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Steve Cropper

In the late 1970s, Cropper reunited with Duck Dunn as members of Levon Helm’s RCO All-Stars before joining John Belushi and Dan Akroyd as a member of the Blues Brothers Band, a surprisingly legitimate act that was born out of a popular Saturday Night Live skit. His three decades with the Blues Brothers have led to numerous television and movie appearances, as well as countless live shows. He also remained an in-demand session man and producer, working with artists such as B.B. King and Etta James.

In 1992, Booker T. and the MGs were inducted into the Rock and Roll Hall of Fame, which was followed up with an appearance by Cropper on Bob Dylan’s 30th Anniversary Concert at Madison Square Garden. With a reunited MGs, he also toured and recorded with Neil Young. In 1996, Cropper was named the “greatest living guitar player” by England’s Mojo magazine and later that year listed by the magazine as the greatest guitarist of all time, only behind Jimi Hendrix. From there, the accolades continued to pile up, as Cropper was inducted into the Rhythm and Blues Hall of Fame and the Songwriters Hall of Fame, received the BMI “Icon Award,” and more. In 2011, he collaborated on a tribute album to the “5” Royales, involving a steller group of performers including Lucinda Williams, Sharon Jones, Bettye LaVette, Delbert McClinton, B.B. King, Shemekia Copeland, Dan Penn, Steve Winwood, John Popper and others.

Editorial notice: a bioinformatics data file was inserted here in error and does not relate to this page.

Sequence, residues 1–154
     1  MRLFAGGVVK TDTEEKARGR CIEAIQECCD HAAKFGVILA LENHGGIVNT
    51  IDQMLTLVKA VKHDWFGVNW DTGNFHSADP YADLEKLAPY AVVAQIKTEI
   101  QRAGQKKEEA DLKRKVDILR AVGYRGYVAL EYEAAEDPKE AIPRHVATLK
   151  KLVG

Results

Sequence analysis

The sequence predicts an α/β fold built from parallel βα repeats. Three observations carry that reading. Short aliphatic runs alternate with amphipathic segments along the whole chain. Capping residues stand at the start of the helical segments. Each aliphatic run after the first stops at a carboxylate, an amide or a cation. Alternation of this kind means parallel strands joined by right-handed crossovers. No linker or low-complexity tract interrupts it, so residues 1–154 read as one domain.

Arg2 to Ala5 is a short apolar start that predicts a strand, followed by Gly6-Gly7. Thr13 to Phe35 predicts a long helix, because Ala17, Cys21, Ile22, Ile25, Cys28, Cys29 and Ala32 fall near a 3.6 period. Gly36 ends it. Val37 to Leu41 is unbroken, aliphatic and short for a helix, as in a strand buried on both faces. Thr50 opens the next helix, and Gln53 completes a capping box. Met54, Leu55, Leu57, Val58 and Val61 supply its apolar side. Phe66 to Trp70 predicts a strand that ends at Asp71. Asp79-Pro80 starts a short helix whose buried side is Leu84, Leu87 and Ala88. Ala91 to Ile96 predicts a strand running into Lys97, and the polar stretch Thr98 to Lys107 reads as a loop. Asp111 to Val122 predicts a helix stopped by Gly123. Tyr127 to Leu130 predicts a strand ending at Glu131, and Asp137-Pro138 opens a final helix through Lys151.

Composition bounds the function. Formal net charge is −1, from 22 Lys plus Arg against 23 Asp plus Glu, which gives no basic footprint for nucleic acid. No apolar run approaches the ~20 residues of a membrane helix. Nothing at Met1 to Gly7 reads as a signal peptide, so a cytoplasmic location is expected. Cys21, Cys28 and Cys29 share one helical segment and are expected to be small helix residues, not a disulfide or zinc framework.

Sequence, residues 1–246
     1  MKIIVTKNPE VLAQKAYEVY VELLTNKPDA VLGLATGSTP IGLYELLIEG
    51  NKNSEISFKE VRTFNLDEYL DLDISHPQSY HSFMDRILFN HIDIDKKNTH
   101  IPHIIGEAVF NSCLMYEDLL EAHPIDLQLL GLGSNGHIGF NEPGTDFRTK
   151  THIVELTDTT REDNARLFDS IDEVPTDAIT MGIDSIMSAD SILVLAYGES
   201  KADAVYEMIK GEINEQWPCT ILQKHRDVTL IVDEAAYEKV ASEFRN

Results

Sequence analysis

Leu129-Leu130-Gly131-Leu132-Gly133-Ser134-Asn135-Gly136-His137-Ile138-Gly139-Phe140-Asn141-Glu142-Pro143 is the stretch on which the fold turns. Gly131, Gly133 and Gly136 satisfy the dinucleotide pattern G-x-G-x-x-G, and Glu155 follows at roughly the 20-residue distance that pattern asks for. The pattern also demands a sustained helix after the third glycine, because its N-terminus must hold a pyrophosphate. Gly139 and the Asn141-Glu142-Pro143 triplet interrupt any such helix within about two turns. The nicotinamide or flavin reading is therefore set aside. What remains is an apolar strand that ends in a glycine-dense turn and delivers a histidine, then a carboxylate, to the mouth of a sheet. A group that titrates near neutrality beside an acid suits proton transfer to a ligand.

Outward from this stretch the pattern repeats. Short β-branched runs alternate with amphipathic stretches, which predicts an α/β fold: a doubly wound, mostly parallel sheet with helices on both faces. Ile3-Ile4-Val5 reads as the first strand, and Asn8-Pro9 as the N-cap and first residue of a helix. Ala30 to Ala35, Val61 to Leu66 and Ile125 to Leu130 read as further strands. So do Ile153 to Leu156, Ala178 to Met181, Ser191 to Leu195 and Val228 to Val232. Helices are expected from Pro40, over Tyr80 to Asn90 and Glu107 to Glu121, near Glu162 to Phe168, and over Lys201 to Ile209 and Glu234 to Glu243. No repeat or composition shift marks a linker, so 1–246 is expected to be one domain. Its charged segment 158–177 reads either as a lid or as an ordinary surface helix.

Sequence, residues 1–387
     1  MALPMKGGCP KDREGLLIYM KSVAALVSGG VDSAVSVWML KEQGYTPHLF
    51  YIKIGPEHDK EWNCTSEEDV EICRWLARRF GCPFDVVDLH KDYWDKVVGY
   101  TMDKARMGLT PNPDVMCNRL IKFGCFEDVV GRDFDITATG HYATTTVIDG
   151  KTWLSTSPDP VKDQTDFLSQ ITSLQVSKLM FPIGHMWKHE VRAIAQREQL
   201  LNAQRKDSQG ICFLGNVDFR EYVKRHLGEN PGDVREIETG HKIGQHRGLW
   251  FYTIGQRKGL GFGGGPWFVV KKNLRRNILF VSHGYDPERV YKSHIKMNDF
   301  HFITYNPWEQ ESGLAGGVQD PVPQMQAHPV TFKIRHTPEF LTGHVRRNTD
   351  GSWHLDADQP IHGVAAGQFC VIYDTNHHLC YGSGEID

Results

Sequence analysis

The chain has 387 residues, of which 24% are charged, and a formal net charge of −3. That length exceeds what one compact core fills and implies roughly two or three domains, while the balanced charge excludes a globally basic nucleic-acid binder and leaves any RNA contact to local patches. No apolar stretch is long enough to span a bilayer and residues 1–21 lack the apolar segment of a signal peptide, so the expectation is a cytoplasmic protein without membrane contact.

Steve Cropper plays guitar at a White House performance

Today, Steve Cropper continues to keep Memphis’ signature soul sound alive and remains the consummate collaborator, working recently with artists like Dave Mason, Guy Sebastian, and Matt Murphy. When asked recently when he intended to retire, he replied smugly “not until they stop wheeling me up to the mic, I guess.” Whenever that fateful day comes, one thing will be abundantly clear: nobody will have ever done it better than “The Colonel.”